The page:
Tenofovir disoproxil fumarate/lamivudine/dolutegravir (TLD) is being used more widely across the world to treat HIV. This is an observational study (a type of study in which participants are observed and certain outcomes are measured). The aim of this study is to observe how successful TLD is at treating HIV, in the following groups of people: - People switching to TLD, after taking anti-HIV medication that contains a nonnucleoside reverse transcriptase inhibitor (NNRTI) drug (such as Efavirenz or Nevirapine) (Group 1). - People switching to TLD, after taking anti-HIV medication that contains a boosted protease inhibitor (PI) drug (such as Lopinavir or Atazanavir) (Group 2). - People taking TLD and receiving medication for TB that includes the drug rifampicin (RIF) (Group 3). These people must be starting one or both of these medications when they enter the study. - People starting TLD who have not taken anti-HIV medication before (Group 4). Another goal of this study is to use genetic testing of the virus (HIV) to see how often HIV is resistant to TLD. Genetic testing of the virus is one way to see if the TLD medication is not working to treat a person's HIV infection.
The general objective of this project is to collect information on dietary intake and nutritional status of women and young children in Haiti, to inform the design and management of national and subnational micronutrient intervention programs, with a focus on large-scale food fortification, and to serve as a reference point for program evaluation.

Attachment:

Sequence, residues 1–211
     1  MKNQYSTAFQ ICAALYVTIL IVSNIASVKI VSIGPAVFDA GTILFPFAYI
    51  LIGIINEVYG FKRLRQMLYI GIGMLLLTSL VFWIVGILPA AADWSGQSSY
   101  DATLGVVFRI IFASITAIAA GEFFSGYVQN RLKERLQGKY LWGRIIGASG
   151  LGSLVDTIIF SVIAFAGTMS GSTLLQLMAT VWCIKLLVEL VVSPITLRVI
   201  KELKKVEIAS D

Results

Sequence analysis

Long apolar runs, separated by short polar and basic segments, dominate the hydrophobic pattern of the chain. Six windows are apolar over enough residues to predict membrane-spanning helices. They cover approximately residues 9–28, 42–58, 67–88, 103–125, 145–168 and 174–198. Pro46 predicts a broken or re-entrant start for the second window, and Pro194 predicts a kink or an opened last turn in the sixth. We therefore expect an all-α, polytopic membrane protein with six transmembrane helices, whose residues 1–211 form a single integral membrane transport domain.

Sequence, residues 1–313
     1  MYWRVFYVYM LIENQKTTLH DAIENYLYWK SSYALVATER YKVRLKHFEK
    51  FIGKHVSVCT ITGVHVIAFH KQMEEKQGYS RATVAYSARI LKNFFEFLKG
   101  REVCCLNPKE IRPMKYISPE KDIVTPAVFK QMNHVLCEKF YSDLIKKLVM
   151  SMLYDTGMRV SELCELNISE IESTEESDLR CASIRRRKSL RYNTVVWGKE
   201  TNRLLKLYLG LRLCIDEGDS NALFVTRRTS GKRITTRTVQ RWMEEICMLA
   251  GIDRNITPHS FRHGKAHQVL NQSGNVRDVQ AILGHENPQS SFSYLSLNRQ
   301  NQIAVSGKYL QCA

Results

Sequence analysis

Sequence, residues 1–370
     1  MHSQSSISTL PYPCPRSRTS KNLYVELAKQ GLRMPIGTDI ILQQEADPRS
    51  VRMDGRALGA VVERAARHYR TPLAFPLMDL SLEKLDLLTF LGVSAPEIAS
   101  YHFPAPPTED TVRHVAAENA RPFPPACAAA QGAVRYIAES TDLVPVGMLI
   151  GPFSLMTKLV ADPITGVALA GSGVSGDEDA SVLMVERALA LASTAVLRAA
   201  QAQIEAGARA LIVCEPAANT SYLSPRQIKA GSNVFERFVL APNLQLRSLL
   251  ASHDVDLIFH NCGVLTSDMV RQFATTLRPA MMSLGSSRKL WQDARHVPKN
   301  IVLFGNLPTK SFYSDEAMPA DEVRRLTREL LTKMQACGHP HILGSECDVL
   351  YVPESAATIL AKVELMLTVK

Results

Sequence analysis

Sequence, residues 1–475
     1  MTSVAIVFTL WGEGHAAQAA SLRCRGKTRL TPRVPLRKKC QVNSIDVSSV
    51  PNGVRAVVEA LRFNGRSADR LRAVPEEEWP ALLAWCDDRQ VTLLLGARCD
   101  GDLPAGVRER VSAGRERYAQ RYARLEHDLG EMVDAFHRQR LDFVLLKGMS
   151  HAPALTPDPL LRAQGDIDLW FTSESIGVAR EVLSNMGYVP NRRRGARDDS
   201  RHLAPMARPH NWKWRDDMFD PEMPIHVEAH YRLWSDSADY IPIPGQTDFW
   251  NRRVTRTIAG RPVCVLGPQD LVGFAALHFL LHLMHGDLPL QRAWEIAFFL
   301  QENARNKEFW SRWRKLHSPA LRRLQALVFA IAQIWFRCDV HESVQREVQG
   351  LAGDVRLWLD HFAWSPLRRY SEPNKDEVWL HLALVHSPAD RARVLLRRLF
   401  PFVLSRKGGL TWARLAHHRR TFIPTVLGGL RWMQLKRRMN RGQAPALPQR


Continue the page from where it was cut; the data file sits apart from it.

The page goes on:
Children in resource-limited settings who develop illness at night are often isolated from pre-emergency care, resulting in progression to an emergency because families are forced to wait until morning to seek care. This is especially true in Haiti based on needs assessments (INACT Part 1; INACT1) surrounding access to healthcare. This study (INACT Part 2; INACT2) seeks to improve access to care by establishing a health hotline (healthline) and mobile pharmacy for families with children who become ill at nighttime. The healthline will be staffed by medical professionals and will provide phone based assessment and treatment recommendations based on standard of care practices according to Haitian and WHO guidelines. The healthline will focus on pre-emergency patients (those without danger signs as defined by WHO guidelines). Emergent patients will be advised to bypass the healthline and seek immediate care at the nearest medical facility. In the event that a non-emergent patient requires access to basic medications or fluids and is logistically accessible, the mobile pharmacy service will be offered. The specific aims of the study are as follows: Aim I. Evaluate congruence between healthline assessment over the phone and in-person assessment of participants (patients using the healthline) 10 years of age and younger. The investigators hypothesize that in-person assessments based on WHO guidelines will be discordant with those made by the healthline because the physical aspects of the call-center assessment will be performed by an untrained parent/ guardian. The study focuses on acute diarrheal disease (ADD) and acute respiratory illness (ARI) but is not exclusive to these two chief complaints. Aim II: Identify determinants that correlate with seeking care at a medical facility over the 8-12 day follow up period after the initial call. The findings from this study will determine if a healthline model is a safe and accurate method of providing high quality access to nighttime healthcare, averting the progression of non-emergent cases to emergencies.